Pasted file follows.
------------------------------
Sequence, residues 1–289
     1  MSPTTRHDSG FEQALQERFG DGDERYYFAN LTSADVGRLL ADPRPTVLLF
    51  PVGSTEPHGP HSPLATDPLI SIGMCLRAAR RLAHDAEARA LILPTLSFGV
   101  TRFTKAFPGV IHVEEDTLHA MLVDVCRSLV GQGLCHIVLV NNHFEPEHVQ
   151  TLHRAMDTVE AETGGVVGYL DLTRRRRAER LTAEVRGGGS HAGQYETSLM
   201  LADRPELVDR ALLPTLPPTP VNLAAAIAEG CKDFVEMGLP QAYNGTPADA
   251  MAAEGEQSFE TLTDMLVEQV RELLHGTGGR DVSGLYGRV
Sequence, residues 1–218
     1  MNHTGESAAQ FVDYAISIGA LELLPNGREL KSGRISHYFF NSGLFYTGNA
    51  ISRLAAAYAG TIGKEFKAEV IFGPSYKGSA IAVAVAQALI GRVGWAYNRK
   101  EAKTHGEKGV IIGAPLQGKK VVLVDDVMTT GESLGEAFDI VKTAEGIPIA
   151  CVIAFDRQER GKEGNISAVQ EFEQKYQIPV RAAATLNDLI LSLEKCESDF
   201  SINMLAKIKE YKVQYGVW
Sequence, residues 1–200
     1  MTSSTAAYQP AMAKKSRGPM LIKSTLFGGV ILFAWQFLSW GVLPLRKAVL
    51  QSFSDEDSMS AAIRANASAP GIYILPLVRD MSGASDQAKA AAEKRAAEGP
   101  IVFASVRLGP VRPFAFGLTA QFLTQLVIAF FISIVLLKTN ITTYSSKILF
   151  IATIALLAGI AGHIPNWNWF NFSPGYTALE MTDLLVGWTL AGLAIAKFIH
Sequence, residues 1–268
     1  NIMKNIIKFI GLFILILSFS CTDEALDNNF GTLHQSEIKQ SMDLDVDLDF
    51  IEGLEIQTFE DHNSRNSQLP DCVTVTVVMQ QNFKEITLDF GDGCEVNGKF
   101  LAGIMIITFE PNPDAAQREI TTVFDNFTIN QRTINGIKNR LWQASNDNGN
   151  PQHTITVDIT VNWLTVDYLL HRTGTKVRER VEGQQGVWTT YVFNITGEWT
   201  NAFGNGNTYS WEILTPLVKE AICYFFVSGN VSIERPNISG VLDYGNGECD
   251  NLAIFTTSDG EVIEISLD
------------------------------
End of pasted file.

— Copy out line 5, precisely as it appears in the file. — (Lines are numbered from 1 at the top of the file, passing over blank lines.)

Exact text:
   151  TLHRAMDTVE AETGGVVGYL DLTRRRRAER LTAEVRGGGS HAGQYETSLM